- Was Kennedy's speech an effort to privatize religion? asks Robert P. George:
Although John F. Kennedy declared that he believed in an America where the separation of church and state is "absolute," I doubt that he (or Ted Sorenson, for that matter) had any very firm views on the most significant issues about the proper role of religion in civic life. The point of the Houston speech was to reassure Protestants---especially those whose views had been shaped by Paul Blanshard's American Freedom and Catholic Power, and the mentality that produced that unfortunate polemic---that he would govern in accordance with American principles, not Catholic dogma. He wanted Protestants and others to rest easy in the confident belief that the Pope would not be dictating U.S. policy in a Kennedy administration. From our perspective today, it's amusing to think of people worrying that John F. Kennedy (or his father Joe or his brother Ted) would be taking orders from the Pope . . . about anything. As Hadley Arkes has remarked, Kennedy evidently regarded his religion as so private a matter that he refused to impose it even on himself.
- Steve Shiffrin rises to Kennedy's defense ("I do not believe that cheap humor about the role of religion in people’s lives is amusing or charitable.")
- Steve Shiffrin, "Cheap Humor," and the Kennedys - George comes back swinging:
I disagree with Steve Shiffrin's claim that Hadley Arkes's remark amounts to "cheap humor." On the contrary, it is humor that makes a telling and important point. Joseph P. Kennedy, John F. Kennedy, and Edward M. Kennedy (until public revelations of his conduct made it no longer possible) each depicted himself, or permitted his political machinery to depict him, as a man who was loyal in belief and practice to Catholic teaching. They used their professed Catholicism to paint a false picture of themselves for political purposes. They sought to deceive the voting public, Catholic and non-Catholic alike, about the kind of men they were, and they exploited the image they created of themselves as dedicated Catholics who lived by the teachings of the Church. ...
I do not share what I take to be Steve's view that [Ted] Kennedy was a champion of social justice, though I can see why he does. Kennedy's determined efforts to keep abortion legal and largely unrestricted, to pay for it with public funds, and to make it more widely available and easily accessible were, in my view, grave violations of justice and human rights. Ditto for his work to promote and publicly fund biomedical research in which nascent human beings are deliberately destroyed and dissected in the embryonic stage of development to produce pluripotent stem cells. There were, to be sure, some human rights issues, especially in the international field, on which Kennedy got it right in my view, and I would not withhold praise for him for those. I cannot, however, join Steve (if I've understood him correctly) in characterizing Kennedy as someone whose overall record is to be praised from a social justice perspective.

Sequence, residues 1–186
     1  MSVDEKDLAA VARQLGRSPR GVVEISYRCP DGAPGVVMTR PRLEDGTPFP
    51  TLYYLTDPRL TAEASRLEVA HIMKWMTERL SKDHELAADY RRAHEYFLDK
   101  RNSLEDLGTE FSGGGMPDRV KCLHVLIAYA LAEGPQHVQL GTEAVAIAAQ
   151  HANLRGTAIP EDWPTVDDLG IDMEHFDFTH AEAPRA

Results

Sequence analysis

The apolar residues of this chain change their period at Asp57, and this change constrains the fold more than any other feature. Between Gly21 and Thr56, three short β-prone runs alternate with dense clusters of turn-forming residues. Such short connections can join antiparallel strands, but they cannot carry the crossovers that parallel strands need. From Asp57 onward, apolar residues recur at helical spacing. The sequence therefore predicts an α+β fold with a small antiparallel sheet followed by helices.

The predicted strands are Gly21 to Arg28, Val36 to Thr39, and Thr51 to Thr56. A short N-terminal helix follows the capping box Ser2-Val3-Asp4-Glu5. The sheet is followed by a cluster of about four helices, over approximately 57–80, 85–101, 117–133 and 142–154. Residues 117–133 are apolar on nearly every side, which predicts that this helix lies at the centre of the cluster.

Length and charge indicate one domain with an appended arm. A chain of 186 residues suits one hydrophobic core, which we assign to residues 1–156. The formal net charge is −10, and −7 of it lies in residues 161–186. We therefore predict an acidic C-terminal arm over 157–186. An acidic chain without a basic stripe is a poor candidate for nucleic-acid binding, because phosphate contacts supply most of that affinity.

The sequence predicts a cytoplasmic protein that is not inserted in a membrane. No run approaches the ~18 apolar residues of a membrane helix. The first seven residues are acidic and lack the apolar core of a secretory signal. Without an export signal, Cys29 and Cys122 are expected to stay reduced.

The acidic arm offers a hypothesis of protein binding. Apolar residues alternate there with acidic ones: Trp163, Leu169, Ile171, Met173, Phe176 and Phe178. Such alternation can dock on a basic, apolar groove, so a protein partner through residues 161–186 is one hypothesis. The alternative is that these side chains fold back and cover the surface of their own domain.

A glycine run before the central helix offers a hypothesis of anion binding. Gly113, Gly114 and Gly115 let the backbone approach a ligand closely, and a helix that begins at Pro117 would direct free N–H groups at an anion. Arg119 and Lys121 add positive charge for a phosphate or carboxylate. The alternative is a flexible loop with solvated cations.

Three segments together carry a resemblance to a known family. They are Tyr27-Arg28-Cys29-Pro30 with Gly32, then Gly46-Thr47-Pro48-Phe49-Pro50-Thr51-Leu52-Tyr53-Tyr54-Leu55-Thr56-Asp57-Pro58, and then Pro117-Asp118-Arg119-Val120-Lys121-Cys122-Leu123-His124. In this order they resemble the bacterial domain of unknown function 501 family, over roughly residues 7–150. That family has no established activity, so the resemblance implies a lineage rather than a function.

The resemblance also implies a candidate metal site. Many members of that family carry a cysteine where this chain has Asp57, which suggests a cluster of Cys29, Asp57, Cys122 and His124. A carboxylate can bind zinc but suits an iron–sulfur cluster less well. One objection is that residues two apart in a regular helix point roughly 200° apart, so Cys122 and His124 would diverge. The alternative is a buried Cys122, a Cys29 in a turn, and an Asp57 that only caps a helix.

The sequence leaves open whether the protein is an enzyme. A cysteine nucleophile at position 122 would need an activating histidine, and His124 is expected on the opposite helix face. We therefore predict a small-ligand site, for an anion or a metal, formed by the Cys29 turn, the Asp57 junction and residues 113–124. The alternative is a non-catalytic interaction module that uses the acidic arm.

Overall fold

On Joseph P. Kennedy's profound contempt in practice for teachings of the faith he purported to hold dear, see Ronald Kessler, The Sins of the Father: Joseph P. Kennedy and the Dynasty he Founded. Readers who do not know much about the elder Kennedy will likely be shocked not only by his unremitting philandering, but also by his cruelty, dishonesty, personal viciousness, and anti-semitism. On JFK's conduct, one need not turn to authors who are especially critical of him. All one needs to know to assess the validity of Arkes's pointed remark can be found in material contained in An Unfinished Life : John F. Kennedy, 1917 - 1963, by Kennedy supporter Robert Dallek. (If you are interested in reading what more critical biographers have to say, see A Question of Character: A Life of John F. Kennedy by the historian Thomas Reeves and The Dark Side of Camelot by journalist Seymour Hersh.) Like his father, JFK was not merely a man who occasionally gave in to temptation but then repented, sought forgiveness, and tried to live uprightly. He really did, as Arkes puts it, refuse to impose his religion on himself---or even to try.